WASHINGTON: Human rights defenders in Afghanistan and those who have fled the country face ongoing threats including arbitrary arrest, kidnapping, torture, imprisonment, and violence against family members, according to a survey released today by the Afghanistan Human Rights Coordination Mechanism (AHRCM), a consortium facilitated by Freedom House, in collaboration with the Afghan Canadian Civil Society Forum (ACSF).
“The people of Afghanistan are experiencing a new level of lawlessness, as arbitrary arrests and extrajudicial killings have become a defining feature of Taliban rule,” said Michael J. Abramowitz, president of Freedom House. “Afghan human rights defenders live in fear and face grave challenges, whether they remain in the country or have fled abroad. The international community must redouble its support for these activists’ tireless efforts to create a freer and more just Afghanistan.”
The survey is part of a larger report, A Needs Assessment of Afghan Human Rights Defenders, which finds that 90 percent of Afghan human rights defenders in Afghanistan have been subjected to violence or threats under the Taliban’s repressive rule. The survey of 663 Afghan human rights defenders was conducted between May and June 2022 and offers one of the clearest pictures to date of the dire conditions endured by human rights defenders in the aftermath of the August 2021 collapse of Afghanistan’s elected government. Before the Taliban retook control of Afghanistan, the country was home to numerous groups and individuals who advocated for the rights and protection of all Afghans, including women, religious minorities, and marginalized communities. These human rights defenders have been under assault since the Taliban returned to power, raising deep concern about the long-term protection of civil liberties and political rights in Afghanistan.
“Human rights defenders need protection wherever they are,” said Anne C. Richard, Afghanistan coordination lead and distinguished fellow at Freedom House. “The immense risks faced by human rights defenders underscore the importance of upholding the right to seek asylum, including by strengthening refugee resettlement programs and not relying on temporary forms of relocation in unsafe countries for human rights defenders under threat. The international community—including the UN, regional and global donors, and the governments of countries hosting refugees—should do everything in its power to assist these brave champions of democratic values.”
Survey respondents in Afghanistan indicated that they and other human rights defenders face significant challenges, including intimidation and harassment (46.8 percent); threats to their life and physical safety (24.1 percent); arbitrary arrest and torture (16.4 percent); defamation and house searches (4.4 percent); violence against family members (3.8 percent); other physical and psychological harm (3.5 percent); and kidnapping and imprisonment (0.8 percent).
Like their in-country counterparts, human rights defenders who have fled the country identified a number of risks they still face, including psychological harm (45.4 percent); harassment by police and forced deportation (33.7 percent); lack of financing for themselves and their families (9.9 percent); other forms of harassment (7.2 percent); and security threats (3.6).
In tandem with the Taliban’s harsh gender-based restrictions on education, employment, and free movement, women human rights defenders have been denied access to public and political processes and systematically deprived of their other human rights. Both inside and outside Afghanistan, women survey respondents reported experiencing security, social, and economic threats. The report finds that women are particularly vulnerable to allegations of prostitution or immorality, which are punishable by whipping or death by stoning under the Taliban. Women human rights defenders have also received sexually charged threats, harassment, and defamation and feel more defenseless and unprotected as a result of their gender.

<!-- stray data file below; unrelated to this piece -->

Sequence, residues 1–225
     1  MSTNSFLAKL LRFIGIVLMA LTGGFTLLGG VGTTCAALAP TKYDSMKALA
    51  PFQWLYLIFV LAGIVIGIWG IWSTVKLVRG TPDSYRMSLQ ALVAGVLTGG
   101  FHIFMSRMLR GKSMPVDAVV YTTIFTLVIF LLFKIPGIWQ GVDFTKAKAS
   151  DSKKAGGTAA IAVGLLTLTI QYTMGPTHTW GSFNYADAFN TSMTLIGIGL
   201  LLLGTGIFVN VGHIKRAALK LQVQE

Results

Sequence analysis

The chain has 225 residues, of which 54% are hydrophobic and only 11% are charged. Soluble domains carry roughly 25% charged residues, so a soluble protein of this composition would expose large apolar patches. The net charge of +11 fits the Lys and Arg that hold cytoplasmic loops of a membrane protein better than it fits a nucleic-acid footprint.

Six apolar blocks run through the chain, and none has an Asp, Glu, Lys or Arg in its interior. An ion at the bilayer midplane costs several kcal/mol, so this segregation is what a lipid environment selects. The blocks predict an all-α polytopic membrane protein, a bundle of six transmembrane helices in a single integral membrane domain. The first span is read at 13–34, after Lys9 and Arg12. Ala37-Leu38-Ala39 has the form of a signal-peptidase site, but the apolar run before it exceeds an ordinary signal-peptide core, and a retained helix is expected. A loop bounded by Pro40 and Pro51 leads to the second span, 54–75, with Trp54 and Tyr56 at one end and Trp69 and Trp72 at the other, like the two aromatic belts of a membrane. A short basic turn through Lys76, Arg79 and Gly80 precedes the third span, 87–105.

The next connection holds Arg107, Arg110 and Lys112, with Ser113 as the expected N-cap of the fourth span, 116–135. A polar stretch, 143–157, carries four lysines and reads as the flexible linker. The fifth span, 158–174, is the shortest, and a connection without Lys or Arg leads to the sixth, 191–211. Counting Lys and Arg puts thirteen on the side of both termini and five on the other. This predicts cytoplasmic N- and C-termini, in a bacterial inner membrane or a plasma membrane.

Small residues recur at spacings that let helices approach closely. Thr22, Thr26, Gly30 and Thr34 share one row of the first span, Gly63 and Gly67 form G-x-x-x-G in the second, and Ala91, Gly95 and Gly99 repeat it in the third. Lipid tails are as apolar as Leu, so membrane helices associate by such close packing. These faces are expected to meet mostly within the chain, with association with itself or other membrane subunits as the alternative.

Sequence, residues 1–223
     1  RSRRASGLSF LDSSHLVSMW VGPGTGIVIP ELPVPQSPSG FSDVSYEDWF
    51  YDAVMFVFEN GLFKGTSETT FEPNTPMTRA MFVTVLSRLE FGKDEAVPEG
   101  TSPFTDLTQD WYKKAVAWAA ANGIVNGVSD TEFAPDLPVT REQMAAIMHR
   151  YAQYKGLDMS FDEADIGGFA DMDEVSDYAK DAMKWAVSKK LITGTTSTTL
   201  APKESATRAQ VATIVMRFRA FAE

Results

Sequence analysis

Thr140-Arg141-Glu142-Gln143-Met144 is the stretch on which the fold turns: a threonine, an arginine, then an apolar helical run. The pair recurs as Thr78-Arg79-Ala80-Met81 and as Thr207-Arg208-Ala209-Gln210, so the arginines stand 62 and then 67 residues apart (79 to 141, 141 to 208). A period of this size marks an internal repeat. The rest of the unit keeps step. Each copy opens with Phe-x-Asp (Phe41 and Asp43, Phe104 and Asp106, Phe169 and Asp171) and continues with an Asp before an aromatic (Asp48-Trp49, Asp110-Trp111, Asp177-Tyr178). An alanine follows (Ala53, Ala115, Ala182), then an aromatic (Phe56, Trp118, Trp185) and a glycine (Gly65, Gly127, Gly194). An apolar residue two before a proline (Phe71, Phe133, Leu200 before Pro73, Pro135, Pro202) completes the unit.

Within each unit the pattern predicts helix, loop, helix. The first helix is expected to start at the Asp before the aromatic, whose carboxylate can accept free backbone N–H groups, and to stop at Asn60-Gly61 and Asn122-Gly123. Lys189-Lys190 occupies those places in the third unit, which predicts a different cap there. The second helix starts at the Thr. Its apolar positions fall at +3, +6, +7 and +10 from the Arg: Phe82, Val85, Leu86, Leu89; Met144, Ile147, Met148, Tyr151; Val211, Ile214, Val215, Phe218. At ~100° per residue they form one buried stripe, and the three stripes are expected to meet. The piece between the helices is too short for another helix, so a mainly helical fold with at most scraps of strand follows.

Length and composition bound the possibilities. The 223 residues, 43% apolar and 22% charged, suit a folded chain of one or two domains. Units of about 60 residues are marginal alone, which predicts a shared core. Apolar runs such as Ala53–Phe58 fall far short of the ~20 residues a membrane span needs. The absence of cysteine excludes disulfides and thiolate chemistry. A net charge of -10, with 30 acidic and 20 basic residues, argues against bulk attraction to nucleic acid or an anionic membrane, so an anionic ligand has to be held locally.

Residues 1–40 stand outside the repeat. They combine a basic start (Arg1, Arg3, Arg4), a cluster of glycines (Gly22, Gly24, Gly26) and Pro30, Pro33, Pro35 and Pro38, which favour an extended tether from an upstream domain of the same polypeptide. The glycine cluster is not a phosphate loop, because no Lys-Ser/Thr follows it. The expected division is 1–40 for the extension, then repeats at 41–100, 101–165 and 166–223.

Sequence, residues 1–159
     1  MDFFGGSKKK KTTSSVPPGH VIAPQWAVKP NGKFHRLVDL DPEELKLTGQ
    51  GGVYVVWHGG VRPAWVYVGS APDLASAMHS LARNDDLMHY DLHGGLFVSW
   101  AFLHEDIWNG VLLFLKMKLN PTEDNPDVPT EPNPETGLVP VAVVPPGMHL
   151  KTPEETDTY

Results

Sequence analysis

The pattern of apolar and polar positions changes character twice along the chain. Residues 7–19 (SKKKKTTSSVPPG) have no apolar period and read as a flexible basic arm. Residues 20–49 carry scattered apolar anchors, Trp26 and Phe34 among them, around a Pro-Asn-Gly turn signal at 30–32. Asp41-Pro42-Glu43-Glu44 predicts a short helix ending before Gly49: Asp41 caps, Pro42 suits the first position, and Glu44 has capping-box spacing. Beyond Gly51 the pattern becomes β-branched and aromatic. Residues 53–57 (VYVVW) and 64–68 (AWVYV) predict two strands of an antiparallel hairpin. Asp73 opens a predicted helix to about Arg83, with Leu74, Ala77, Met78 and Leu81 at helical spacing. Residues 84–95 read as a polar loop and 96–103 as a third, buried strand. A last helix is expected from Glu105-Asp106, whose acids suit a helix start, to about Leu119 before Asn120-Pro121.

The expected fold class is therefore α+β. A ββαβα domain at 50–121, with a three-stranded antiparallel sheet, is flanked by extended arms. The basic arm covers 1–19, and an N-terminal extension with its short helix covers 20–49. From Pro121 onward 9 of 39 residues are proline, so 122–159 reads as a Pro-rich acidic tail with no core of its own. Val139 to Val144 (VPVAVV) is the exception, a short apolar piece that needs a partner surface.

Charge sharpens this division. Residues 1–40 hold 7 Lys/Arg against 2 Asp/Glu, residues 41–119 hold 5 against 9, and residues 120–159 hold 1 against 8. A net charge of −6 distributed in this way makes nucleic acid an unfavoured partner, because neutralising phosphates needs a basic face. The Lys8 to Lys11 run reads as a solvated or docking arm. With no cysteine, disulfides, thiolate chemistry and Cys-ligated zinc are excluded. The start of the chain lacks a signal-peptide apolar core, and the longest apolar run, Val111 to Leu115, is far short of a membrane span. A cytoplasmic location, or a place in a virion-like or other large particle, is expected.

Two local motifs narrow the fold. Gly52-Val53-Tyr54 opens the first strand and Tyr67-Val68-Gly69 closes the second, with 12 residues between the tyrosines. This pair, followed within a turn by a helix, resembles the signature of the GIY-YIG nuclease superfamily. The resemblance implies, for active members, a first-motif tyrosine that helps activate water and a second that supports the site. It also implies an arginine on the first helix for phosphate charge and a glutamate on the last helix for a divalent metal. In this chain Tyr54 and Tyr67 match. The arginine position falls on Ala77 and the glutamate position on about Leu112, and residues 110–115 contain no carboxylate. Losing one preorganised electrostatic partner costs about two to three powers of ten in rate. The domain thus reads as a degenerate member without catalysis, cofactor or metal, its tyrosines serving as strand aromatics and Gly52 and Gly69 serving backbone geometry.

The report provides recommendations on steps that international organizations, civil society groups, donors, and other stakeholders can take to support human rights defenders inside and outside the country. The recommended actions include:
- Equipping Afghan human rights defenders with resources to improve their physical and digital security. Many human rights defenders lack the technical knowledge and capacity to conduct their own risk assessments and respond accordingly. Human rights defenders also suffer from knowledge gaps on digital safety, psychological and stress management, and best practices for human rights activism in conflict zones and other high-risk areas, which donors and partners can help to address.
- Supporting the creation of a coordinated, nationwide protection mechanism and raising awareness of existing services. Currently, most human rights groups and international nongovernmental organizations address human rights defenders’ needs on a case-by-case basis—through emergency grants, relocation assistance, shelter provision, and evacuations—rather than establishing a more efficient, systematic approach capable of responding to greater numbers of people in need.
- Addressing the psychological needs of individual human rights defenders who receive assistance. Support for human rights defenders who are under direct and severe threat should include psychological support in addition to financial assistance and relocation services.
- Helping in-country and out-of-country human rights defenders to collaborate. Networking among Afghan human rights defenders living inside and outside the country is essential for the continuation of human rights work that benefits Afghanistan. Donors should support efforts to improve coordination between these communities of activists.